Report says procedures put a chilling effect on potential FBI whistleblowers
Key Excerpts from Article on Website of Washington Post
Posted: March 8th, 2015
Jane Turner loved being a FBI agent. But once she became a whistleblower, the FBI turned on her. The Government Accountability Office (GAO) cites [Turner's] case in a report that will be the focus of a Senate hearing Wednesday. Compared with other feds, FBI whistleblowers have less protection against retaliation by management, the GAO says, and current procedures could discourage whistleblowing. Anytime a whistleblower is punished for pointing out waste or misconduct, it sends the signal to other employees that doing the right thing will be met with potentially harsh repercussions, Sen. Charles E. Grassley (R-Iowa), chairman of the Judiciary Committee, told Federal Diary. Unfortunately, many who come to me express fear of reprisal for raising the alarm and are even unclear of their rights as whistleblowers. In fact, one potential witness for Wednesdays hearing backed out for fear of retaliation. Another problem the GAO identified [is] the time it takes to resolve some complaints. In 2002, Turner, based in Minneapolis, blew the whistle on colleagues who allegedly stole items from Ground Zero after the Sept. 11, 2001, terrorist attacks. How did her bosses respond? After making this whistleblower disclosure, she was ... placed on leave, and given a notice of proposed removal, the GAO reported. Like a tenacious FBI agent, Turner fought back and won. But not until 2013, when the Justice Department ruled in her favor more than a decade after her complaint.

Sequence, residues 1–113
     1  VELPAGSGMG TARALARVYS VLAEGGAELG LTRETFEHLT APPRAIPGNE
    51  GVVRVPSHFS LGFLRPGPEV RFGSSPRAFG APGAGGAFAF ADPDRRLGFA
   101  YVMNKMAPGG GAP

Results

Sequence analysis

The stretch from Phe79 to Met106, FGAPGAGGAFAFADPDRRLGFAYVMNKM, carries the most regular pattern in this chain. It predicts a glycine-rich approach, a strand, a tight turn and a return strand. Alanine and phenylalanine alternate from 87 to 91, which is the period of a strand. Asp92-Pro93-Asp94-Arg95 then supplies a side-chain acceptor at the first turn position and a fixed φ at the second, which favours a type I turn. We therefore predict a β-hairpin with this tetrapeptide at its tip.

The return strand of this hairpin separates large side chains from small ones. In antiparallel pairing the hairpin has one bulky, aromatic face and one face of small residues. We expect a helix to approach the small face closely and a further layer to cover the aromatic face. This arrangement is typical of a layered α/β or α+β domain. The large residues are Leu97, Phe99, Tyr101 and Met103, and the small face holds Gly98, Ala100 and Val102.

Note: Jane Turner was one of several people that courageously stepped forward to expose the cover-up of federal employee misconduct after 9/11. For more along these lines, see concise summaries of deeply revealing news articles about the 9/11 cover-up and government corruption from reliable major media sources.